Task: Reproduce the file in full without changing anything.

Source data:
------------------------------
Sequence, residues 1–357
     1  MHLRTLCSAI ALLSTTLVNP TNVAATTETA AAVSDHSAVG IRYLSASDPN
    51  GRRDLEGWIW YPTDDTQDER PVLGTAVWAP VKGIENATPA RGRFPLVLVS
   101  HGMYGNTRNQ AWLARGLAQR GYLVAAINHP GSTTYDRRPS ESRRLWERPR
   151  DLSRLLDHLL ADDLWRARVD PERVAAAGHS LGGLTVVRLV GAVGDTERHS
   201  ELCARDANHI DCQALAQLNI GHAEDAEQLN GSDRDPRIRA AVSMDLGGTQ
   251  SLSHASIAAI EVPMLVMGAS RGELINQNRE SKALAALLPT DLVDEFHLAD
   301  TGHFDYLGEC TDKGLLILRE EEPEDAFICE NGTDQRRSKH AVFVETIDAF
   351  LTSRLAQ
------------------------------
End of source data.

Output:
Sequence, residues 1–357
     1  MHLRTLCSAI ALLSTTLVNP TNVAATTETA AAVSDHSAVG IRYLSASDPN
    51  GRRDLEGWIW YPTDDTQDER PVLGTAVWAP VKGIENATPA RGRFPLVLVS
   101  HGMYGNTRNQ AWLARGLAQR GYLVAAINHP GSTTYDRRPS ESRRLWERPR
   151  DLSRLLDHLL ADDLWRARVD PERVAAAGHS LGGLTVVRLV GAVGDTERHS
   201  ELCARDANHI DCQALAQLNI GHAEDAEQLN GSDRDPRIRA AVSMDLGGTQ
   251  SLSHASIAAI EVPMLVMGAS RGELINQNRE SKALAALLPT DLVDEFHLAD
   301  TGHFDYLGEC TDKGLLILRE EEPEDAFICE NGTDQRRSKH AVFVETIDAF
   351  LTSRLAQ